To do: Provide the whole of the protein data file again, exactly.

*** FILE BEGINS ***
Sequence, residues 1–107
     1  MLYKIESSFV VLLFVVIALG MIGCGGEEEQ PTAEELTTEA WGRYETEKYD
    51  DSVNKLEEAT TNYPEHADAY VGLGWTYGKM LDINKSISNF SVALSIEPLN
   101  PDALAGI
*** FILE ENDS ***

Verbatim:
Sequence, residues 1–107
     1  MLYKIESSFV VLLFVVIALG MIGCGGEEEQ PTAEELTTEA WGRYETEKYD
    51  DSVNKLEEAT TNYPEHADAY VGLGWTYGKM LDINKSISNF SVALSIEPLN
   101  PDALAGI